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Excerpt from Oral History Interview with Virginius Dabney, July 31, 1975. Interview A-0311-2. Southern Oral History Program Collection (#4007) See Entire Interview >>

The Byrd machine held incredible power to determine political elections

The 1957 gubernatorial race resulted in the candidacy of Democrat J. Lindsay Almond and Republican Theodore R. Dalton. Almond had served as Virginia's attorney general arguing for segregation in the <cite>Brown</cite> case. Dabney's comments again expose the power of the Byrd machine, as well as the public's fierce opposition to integration, merging to result in Dalton's electoral loss.

Citing this Excerpt

Oral History Interview with Virginius Dabney, July 31, 1975. Interview A-0311-2. Southern Oral History Program Collection (#4007) in the Southern Oral History Program Collection, Southern Historical Collection, Wilson Library, University of North Carolina at Chapel Hill.

Full Text of the Excerpt

DANIEL JORDAN:
In retrospect, it seems that the federal government was not particularly aggressive in this period. There is some sort of notion that Byrd had some special influence with Eisenhower, and Byrd, of course, was a very powerful Senator and chairman of a very powerful committee. Do you recall at the time any notion of that?
VIRGINIUS DABNEY:
No, I don't know anything about that.
DANIEL JORDAN:
So, I guess that a corollary is that massive resistance might work because Byrd was so powerful that Eisenhower could not afford to really be aggressive, whatever his own views might have been, that he politically couldn't have afforded to alienate people like Byrd. Well, moving on, in 1957, there was a very important gubernatorial election right at the height of massive resistance sentiment between Almond and Dalton. Would you comment a little on the candidates and the issues?
VIRGINIUS DABNEY:
I think massive resistance was the issue and practically nothing else was. Judge Almond is a very able lawyer, who made a good record in Congress, put in a brief here and there and had a good record as attorney general. He was persuaded to give up his Congressional seat to become attorney general when the incumbent died suddenly, and he thinks that he was given the go-ahead for the governorship when he agreed to become attorney general.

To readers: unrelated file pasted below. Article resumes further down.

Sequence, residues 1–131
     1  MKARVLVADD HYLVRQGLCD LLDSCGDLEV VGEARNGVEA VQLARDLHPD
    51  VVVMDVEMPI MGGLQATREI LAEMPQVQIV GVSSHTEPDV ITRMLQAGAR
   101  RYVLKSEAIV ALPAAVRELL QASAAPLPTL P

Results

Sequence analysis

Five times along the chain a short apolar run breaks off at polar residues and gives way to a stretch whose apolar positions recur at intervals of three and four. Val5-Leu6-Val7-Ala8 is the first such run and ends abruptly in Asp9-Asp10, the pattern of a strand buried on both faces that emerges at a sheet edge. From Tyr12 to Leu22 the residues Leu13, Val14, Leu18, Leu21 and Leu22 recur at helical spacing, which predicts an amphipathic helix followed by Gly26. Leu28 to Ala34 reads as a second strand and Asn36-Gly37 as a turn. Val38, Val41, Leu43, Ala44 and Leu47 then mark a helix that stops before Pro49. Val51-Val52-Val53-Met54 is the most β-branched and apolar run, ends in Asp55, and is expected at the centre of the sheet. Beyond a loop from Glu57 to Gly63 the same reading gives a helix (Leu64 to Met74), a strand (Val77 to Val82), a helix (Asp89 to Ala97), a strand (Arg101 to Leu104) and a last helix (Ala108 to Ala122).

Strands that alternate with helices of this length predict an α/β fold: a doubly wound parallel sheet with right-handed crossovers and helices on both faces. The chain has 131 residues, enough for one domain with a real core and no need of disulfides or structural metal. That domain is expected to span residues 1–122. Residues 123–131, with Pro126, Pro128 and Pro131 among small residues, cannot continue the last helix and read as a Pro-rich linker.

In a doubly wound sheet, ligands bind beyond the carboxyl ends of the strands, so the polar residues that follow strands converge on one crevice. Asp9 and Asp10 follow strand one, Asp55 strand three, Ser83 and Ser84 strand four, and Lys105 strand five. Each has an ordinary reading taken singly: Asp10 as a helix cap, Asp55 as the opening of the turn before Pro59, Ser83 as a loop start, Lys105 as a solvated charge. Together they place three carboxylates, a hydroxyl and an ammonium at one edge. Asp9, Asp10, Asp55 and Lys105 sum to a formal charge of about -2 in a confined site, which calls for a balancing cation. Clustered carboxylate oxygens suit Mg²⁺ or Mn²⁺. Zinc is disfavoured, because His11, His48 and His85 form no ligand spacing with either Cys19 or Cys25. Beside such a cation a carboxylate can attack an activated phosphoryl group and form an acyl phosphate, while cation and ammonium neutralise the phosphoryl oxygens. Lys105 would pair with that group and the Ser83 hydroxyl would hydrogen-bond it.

WILLIAM H. TURPIN:
That was in what year? He was nine years as attorney general.
DANIEL JORDAN:
'50, I believe, or '49.
VIRGINIUS DABNEY:
About that time; I can't remember exactly. He knew as attorney general that this massive resistance business wouldn't stand up. He knew the resistance was going to collapse. When he came in as governor, he was susceptible to all the pressures that were on him at that time, and he made some pretty wild statements, as he is the first to admit, notably, when he knew that he had to turn around. He didn't let on that he knew it and made a really damaging speech saying "he had just begun to fight." He turned around eight days later. That was a sad blunder, as you know. Dalton was a high-minded, able man. He made a good campaign. He was less extreme in his statements about the race problem. He almost won and Byrd came in, on account of the road issue, and turned the tide. Also, President Eisenhower had sent troops to Little Rock, which stirred up a frightful lot of feeling against the Republicans and that hurt Dalton very much. I don't think that he could have beaten Almond anyway. Almond was a fine campaigner on the stump, a lot better than Stanley, who had been a miserable campaigner when Dalton ran against him four years before. So there wasn't much of a chance that Dalton could have beaten Almond anyway, but Almond's majority was much larger because of Little Rock.
DANIEL JORDAN:
Now Almond, of course, was all out for massive resistance and didn't Dalton come out for local option?
VIRGINIUS DABNEY:
I think he did.
DANIEL JORDAN:
Was he branded as an integrationist in the public mind because he stated what had previously been the recommendations of the Gray Commission?
VIRGINIUS DABNEY:
Well, in a lot of people's minds I would say that he was, because by that time all this antagonism had been whipped up against the Gray Commission report, the original report.